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A Brief

History of Wine

Posted on March 31, 2020

Where in the World

Pinning down the exact origin of wine is largely thought to be impossible. From the discovery of 60 million-year-old fossilized grapes to wine references in the Old Testament to a 6,000 B.C. wine jar found in modern-day Iran, the true beginnings of wine is the source of much speculation. To add to the confusion, archaeologists believe that the first known winery may have dated back to 4100 B.C. in the Vayotz Dzor region of Armenia. One thing is for certain, humans have been drinking wine in one form or another since the Stone Age.

Everyone from the Europeans and Chinese, to the Persians, Egyptians, and Israelites were drinking wine thousands of years ago. It is speculated that the Phoenicians, a civilization including modern-day Lebanon, Israel, and Syria, were the first people to turn wine making and trading into an industry. By way of ancient Mediterranean trade routes, the Phoenicians introduced wine to Jewish clerics, Hellenistic Greeks, Northern Africans, and Middle Easterners. The ancient Greeks really started to increase the geographic spread of wine production after conquering multiple territories across the region. Around 1000 B.C., wine making and olive oil were trademarks of Mediterranean civilization and trade, and it was the Greeks who helped elevated olive pressing and wine making to a successful commercial scale.

Ancient Roman Wine

The evolution of wine making continued when Rome came to power centuries later. In the Roman era, amphorae (tall ancient Greek or Roman jars with two handles and a narrow neck) were sealed with wax and labeled with the appropriate vineyard, type of grape, year, and producer! We've kept that universal tradition to this day. Sealing wine casks helps prevent oxidation, which can ruin a perfectly good wine. Most of the ancient Roman and Greek wines had shelf lives ranging from 4 to 20 years depending on the producer, and were mixed with water and spices to suit the drinker's taste preferences.

A Period of Decline

The Middle Ages saw a sharp decline in the quality of wine due to a lack of sanitation and proper sealing of storage containers. Islam had replaced the Roman Empire as the predominant civilization, and wine drinking was forbidden by their religion. However, this didn't stop wine and beer from becoming a staple in the ancient European diet. In fact, alcohol often took the place of water due to the unsanitary conditions and risk of contamination with drinking water of that time. Dom Perignon (d. 1719) was a French monk who developed champagne and is credited with the idea of modern bottling and corking of wines. From the fall of the Roman Empire until the time of Dom Perignon in the Middle Ages, it was nearly impossible to age a fine wine.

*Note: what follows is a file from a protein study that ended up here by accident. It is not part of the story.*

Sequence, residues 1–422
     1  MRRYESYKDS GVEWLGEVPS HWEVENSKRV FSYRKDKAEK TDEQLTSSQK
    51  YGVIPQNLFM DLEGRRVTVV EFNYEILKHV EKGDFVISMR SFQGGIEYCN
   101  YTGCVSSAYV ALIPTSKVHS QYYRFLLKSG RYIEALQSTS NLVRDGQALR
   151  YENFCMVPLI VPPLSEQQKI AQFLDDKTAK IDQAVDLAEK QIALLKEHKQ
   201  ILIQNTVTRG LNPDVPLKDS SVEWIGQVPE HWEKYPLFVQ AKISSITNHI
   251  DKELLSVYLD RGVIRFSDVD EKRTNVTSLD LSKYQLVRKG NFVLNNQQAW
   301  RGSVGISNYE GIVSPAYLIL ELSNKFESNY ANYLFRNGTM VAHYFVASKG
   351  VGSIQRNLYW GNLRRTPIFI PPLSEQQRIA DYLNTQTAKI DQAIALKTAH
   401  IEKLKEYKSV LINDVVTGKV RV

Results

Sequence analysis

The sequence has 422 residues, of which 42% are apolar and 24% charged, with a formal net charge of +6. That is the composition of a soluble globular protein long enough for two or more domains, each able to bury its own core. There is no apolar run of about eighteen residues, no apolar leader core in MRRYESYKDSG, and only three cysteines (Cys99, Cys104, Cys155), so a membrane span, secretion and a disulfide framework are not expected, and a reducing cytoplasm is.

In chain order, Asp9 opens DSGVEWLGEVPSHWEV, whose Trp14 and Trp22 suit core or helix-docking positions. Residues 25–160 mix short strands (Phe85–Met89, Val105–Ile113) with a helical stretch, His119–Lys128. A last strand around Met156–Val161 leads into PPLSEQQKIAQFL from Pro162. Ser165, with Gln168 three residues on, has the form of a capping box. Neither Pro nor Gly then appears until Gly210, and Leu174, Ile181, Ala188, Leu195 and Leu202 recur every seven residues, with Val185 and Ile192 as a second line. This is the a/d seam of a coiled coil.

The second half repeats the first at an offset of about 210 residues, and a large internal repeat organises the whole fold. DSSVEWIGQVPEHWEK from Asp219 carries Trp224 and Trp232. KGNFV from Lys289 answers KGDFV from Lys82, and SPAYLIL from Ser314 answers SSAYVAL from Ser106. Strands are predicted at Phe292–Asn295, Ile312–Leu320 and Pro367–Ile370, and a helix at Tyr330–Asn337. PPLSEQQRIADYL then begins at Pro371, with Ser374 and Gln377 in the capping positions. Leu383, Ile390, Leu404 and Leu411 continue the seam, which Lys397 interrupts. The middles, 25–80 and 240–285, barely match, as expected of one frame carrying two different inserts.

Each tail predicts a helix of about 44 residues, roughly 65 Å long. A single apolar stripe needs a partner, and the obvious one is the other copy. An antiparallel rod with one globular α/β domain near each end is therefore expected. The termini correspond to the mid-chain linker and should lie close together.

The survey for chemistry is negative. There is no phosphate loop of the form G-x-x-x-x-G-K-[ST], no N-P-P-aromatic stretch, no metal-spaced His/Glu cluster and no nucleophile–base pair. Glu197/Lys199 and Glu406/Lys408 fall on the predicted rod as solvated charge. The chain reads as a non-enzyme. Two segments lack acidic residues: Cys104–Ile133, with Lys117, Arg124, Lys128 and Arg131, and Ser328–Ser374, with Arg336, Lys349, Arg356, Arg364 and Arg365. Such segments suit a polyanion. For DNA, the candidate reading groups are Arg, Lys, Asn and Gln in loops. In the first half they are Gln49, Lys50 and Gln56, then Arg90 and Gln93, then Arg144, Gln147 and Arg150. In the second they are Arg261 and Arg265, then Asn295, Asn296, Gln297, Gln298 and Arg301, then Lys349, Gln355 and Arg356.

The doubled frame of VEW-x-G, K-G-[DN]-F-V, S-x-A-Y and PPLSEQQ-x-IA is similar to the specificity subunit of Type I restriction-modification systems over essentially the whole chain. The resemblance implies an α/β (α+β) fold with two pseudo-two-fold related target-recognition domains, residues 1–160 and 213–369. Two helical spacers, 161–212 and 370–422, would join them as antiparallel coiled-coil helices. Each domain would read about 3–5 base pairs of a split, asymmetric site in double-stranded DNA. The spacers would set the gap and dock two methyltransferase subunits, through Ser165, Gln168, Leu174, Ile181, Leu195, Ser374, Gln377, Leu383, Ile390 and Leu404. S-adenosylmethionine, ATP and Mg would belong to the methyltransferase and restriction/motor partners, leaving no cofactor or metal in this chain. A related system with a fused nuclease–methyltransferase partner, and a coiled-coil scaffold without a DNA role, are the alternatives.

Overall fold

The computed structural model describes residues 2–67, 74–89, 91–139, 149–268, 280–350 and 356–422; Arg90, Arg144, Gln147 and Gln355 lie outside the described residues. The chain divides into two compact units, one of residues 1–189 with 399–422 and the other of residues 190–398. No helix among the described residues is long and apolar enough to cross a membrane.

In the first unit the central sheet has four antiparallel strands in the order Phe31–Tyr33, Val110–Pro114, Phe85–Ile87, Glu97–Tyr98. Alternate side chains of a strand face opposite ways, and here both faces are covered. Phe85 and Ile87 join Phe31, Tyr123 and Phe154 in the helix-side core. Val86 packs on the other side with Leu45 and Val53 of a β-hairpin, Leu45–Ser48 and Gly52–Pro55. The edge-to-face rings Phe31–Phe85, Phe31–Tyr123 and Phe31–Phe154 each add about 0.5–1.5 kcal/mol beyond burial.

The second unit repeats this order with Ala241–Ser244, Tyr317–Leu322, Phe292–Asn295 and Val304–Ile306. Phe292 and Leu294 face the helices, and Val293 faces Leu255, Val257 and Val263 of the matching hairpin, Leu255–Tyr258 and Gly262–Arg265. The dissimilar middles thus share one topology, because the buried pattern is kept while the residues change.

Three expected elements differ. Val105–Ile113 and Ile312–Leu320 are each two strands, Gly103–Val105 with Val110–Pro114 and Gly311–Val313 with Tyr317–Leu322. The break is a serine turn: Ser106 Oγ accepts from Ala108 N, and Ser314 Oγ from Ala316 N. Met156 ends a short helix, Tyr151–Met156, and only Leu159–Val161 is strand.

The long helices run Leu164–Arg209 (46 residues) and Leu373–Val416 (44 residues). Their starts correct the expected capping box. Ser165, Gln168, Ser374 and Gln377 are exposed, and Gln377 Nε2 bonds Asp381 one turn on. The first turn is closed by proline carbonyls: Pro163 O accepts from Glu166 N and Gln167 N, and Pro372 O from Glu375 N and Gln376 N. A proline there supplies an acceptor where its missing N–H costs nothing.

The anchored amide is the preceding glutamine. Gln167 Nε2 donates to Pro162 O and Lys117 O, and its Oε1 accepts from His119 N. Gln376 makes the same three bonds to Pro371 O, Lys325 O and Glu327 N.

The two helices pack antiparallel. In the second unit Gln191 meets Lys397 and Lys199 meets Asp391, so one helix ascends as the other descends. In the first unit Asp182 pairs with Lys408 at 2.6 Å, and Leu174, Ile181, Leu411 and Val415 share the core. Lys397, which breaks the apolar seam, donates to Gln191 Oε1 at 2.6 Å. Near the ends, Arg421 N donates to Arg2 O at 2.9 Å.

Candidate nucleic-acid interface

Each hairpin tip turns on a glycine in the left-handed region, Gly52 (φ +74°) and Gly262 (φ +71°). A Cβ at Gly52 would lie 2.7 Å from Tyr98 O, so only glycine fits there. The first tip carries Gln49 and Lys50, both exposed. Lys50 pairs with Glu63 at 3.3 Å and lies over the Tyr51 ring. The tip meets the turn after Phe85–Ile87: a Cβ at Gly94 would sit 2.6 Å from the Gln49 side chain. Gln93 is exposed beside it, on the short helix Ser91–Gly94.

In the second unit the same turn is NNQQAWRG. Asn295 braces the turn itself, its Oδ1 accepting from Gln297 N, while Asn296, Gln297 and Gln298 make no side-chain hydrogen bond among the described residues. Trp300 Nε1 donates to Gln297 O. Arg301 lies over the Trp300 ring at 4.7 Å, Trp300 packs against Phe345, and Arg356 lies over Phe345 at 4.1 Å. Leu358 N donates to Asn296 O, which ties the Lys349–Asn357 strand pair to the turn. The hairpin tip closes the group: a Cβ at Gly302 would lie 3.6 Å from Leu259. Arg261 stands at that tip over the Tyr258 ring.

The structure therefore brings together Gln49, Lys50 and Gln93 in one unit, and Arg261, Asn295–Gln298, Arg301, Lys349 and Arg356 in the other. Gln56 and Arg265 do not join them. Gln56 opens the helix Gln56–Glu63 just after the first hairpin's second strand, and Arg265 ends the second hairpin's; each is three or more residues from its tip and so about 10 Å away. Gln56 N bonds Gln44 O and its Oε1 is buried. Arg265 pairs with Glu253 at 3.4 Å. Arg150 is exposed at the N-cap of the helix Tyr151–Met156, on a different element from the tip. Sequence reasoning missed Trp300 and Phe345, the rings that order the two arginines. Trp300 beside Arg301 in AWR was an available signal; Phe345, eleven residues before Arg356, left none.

A Growth Towards Modern-Day Wine

During Dom Perignon's lifetime in the 17th century, Bordeaux, France became an epicenter for wine culture and production. Bordeaux is located in southwest France on the Garonne River, which allows for easy access to the Atlantic Ocean, thus opening up countless trade opportunities for exporting wine to Europe and beyond. Around 1725, port became widely available due to the Portuguese idea of combining wine with brandy. This process arrests fermentation while ample sugar remains in the bottle. Port became a rival export to the wines of Bordeaux.

Modern-day wine connoisseurs can thank the European colonial expansion of the 19th century for our wine as we know it today. This dispersing of European tastes throughout the world contributed to a widespread desire for quality wine and champagne. On the North American continent, the diversity of wine has grown since the Spanish arrival in Florida in 1564, where wine was made using native as well as imported grapes. Currently, the wine trade has grown into a worldwide industry with wines produced in different climates such as California, Australia, France, Georgia, Chile, South Africa, Italy, Spain, and most of the Mediterranean region.

Georgia Vineyard

Wine has come a long way since the age of Augustus in ancient Rome. Visit our North Georgia vineyard and wine caves to taste a little bit of history in the making! Our majestic hills and rich soil are the perfect setting for mountainside vines and a good time with friends. Celebrate the age-old tradition of wine making and jubilation by uncorking a bottle of one of our handcrafted wines.